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NHL, NHLPA reach deal for 56-game season starting Jan. 13 – CBC.ca

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The National Hockey League and the NHL Players’ Association have reached an agreement for a 56-game season beginning Jan. 13.

The seven Canadian teams will be in the North Division as part of the league’s realignment during the COVID-19 pandemic.

Teams are divided into four divisions with games played within the division.

The NHL stated the plan is to play games in the home arenas of participating teams, but is prepared to play games in one or more “neutral-site” venues per division if necessary.

Approval from health officials in the five Canadian provinces with NHL teams is needed for the Canadian clubs to play at home.

Each team in the East, Central and West divisions will play every other team in its division eight times, while each team in the North Division will play every other team in its division nine or 10 times.

The top four teams in each division qualify for the playoffs.

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Canadiens, Canucks underdogs on Saturday NHL odds – Sportsnet.ca

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The Montreal Canadiens will be looking to rebound from a 5-4 overtime loss to Toronto when they open a two-game set in Edmonton on Saturday night as small -105 underdogs on the NHL odds at sportsbooks monitored by OddsShark.com.

Montreal squandered a 3-1 lead on its way to Wednesday’s season-opening loss to the Maple Leafs, and also rides a three-game losing streak in Edmonton into Saturday night’s matchup at Rogers Place.

The Canadiens showed flashes of the potential that has stoked optimism among Montreal fans entering the new season. Last summer’s surprising playoff performance and offseason additions like Josh Anderson and Tyler Toffoli have made the Canadiens a solid +475 wager to win the North Division at online betting sites as the season gets underway. However, Montreal has been largely outclassed in recent trips to the Alberta capital, with the Oilers outscoring the Canadiens by a 22-13 margin during a 5-1 run.

The Oilers have produced mixed results in season-opening action but enter Saturday’s matchup as -115 favourites. The team never led in a 5-3 loss to Vancouver on Wednesday, but never trailed in Thursday’s victory as reduced -135 chalk, with Connor McDavid and Leon Draisaitl combining for three goals and five assists.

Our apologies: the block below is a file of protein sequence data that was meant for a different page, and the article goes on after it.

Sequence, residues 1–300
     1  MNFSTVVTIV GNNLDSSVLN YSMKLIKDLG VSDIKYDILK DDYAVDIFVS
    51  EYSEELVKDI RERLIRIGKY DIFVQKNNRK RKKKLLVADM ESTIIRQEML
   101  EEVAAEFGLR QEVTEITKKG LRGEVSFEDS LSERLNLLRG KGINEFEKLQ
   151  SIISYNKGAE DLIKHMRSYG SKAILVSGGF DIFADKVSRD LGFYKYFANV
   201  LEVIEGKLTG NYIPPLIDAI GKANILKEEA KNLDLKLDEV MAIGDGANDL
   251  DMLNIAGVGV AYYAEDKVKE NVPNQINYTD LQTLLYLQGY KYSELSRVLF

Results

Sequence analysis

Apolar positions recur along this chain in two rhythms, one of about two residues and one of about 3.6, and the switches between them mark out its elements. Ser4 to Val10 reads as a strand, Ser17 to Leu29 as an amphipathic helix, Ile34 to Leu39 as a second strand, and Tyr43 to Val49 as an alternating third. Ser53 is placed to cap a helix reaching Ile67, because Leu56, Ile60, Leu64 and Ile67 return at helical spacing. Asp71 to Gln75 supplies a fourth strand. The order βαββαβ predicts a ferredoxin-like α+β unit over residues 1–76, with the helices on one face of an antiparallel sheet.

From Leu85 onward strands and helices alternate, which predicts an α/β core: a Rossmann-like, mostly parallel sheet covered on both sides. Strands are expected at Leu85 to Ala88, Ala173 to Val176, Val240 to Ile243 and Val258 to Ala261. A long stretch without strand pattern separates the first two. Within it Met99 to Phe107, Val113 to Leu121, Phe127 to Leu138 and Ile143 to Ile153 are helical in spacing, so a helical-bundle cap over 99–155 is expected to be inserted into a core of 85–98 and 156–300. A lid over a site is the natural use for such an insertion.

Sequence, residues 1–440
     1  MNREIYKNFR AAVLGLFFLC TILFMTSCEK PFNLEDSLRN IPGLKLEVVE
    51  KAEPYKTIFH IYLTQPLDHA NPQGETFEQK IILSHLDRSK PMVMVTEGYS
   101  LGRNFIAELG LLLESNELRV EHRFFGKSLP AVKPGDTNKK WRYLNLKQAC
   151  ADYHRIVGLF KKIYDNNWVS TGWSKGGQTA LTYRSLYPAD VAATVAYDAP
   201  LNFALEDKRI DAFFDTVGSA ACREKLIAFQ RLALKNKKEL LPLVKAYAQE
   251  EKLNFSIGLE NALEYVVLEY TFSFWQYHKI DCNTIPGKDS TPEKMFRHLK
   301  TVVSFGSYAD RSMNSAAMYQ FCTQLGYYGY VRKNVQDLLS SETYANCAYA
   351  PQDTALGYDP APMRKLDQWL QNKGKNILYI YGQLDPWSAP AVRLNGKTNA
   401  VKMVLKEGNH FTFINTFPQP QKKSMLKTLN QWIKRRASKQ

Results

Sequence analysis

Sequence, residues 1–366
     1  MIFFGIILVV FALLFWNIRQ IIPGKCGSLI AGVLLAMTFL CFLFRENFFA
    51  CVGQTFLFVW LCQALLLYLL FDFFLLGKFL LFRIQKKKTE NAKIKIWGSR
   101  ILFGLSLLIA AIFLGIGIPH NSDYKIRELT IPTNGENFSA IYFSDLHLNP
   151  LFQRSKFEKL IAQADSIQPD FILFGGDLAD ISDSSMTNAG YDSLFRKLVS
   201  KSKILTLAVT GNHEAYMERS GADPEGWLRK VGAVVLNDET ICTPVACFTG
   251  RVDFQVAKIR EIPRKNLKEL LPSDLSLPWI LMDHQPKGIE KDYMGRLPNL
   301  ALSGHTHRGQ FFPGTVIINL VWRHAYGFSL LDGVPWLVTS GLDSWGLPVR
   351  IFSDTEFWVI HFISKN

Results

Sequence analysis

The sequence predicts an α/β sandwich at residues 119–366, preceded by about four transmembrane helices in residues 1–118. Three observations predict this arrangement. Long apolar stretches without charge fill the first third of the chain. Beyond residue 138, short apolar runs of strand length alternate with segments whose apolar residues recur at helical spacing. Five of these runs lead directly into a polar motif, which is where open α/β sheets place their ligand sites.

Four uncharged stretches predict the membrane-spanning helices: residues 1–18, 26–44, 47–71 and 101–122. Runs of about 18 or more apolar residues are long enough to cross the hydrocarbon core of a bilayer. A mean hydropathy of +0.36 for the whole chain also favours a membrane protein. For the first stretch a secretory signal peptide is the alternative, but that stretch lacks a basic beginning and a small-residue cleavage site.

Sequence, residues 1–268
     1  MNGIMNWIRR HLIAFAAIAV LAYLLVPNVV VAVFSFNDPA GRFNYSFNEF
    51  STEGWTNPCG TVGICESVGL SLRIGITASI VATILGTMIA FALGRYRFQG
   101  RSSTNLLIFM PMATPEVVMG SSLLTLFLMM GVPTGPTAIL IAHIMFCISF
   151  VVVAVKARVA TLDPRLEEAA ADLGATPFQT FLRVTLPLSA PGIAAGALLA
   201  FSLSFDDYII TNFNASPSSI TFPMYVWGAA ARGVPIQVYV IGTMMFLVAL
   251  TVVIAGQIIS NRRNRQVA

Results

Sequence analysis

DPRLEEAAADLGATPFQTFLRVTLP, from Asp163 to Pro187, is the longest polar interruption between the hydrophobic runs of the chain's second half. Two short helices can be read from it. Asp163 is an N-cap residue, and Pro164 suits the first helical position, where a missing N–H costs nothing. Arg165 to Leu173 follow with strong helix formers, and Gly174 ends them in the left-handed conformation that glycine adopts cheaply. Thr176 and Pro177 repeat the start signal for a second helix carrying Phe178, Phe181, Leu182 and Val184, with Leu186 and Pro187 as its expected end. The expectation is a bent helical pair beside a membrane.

Also on Saturday, the Canucks look to get back into the win column as they visit the Calgary Flames as +115 underdogs, while earlier in the evening the Toronto Maple Leafs wrap up a two-game road series with the Ottawa Senators as heavy -200 chalk.

Vancouver returns to action looking to build on a breakthrough playoff run that took them to within one game of a berth in the Western Conference Final. The Canucks have dropped three of their last four games against the Flames, scoring just three total goals in those defeats, and have alternated between victories and losses while earning the win in three of their past six games at the Scotiabank Saddledome.

And the Canucks could be facing former goaltender Jacob Markstrom, who signed with the Flames as an unrestricted free agent this past offseason. Markstrom won 99 games during seven seasons in Vancouver, but his Calgary tenure got off to a shaky start as the Flames blew an early 3-1 lead on their way to a 4-3 overtime loss in Winnipeg on Wednesday night. Despite that loss, the Flames are listed as -135 favourites in their date with Vancouver.

The Maple Leafs came out flat in a 5-3 loss to the Senators on Friday, and have now fallen to defeat in 10 of their last 14 road dates in Ottawa, which looks to Saturday night as a +170 bet.

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The Maple Leafs are a joke – Pension Plan Puppets

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First Period

The first period got off to a pretty tepid start. The first five minutes of action were characterized by unscreened point shots and board battles that didn’t really lead anywhere. The Leafs had more territorial control, as you’d expect against a team of the Senators quality, but they weren’t really able to turn it into great chances.

About seven minutes in, the Leafs get a break as Derek Stepan fires the puck out of play in his own zone, and they get a power play. The Leafs appear to be persisting with the spread out power play units, breaking up the loaded unit we saw under Keefe last season. The Tavares / Nylander unit got the first 45 seconds, with the Matthews / Marner group finishing it off. The latter looks better than the former, as they were able to maintain great possession in the offensive zone. However, Matt Murray stops the only real chance they generate, a Matthews one-timer off a scramble.

Shortly thereafter, Cedric Paquette holds Alexander Kerfoot, and the Leafs get another power play. And this time, the Leafs score! Nylander passes to Tavares in the bumper spot, who fools a defender by holding for a beat, rather than one-timing. Tavares shoots and the rebound pops up perfectly for Hyman to bunt into the net. 1-0 Leafs.

Matthews’ line came out for the next shift, and like we saw in the Blue/White scrimmage, they’re great at offensive zone puck recovery. This led to a Marner shot off a pass from Matthews, but it’s wayward (to say the least).

Tim Stützle had been quiet (hard to blame him, given the power plays of the Leafs), but he draws a slashing penalty on Travis Dermott. The power play led to the first real work for Frederik Andersen in the game, and he handles it ably. Politely, the Leafs gave him another chance to demonstrate his prowess, as Joe Thornton caught Thomas Chabot with a high stick with about two minutes remaining.

Hyman got a breakaway that he was unable to convert on, and afterwards, the Leafs took another bench minor for too many men. This resulted in a minute-long 5v3 that the Senators needed about half of to capitalize on. Drake Batherson finds Chabot for a one-timer, and he pounds it by Andersen. 1-1 game.

The rest of the period passes without incident, as the Leafs attempted to kill off the part of the bench minor.

In general, the 1-1 score is relatively fair. The Leafs haven’t generated much at 5v5, and what they have generated was almost entirely from the Matthews group. However, the Senators have generated even less. Both teams got reasonable chances via their power plays, and took advantage.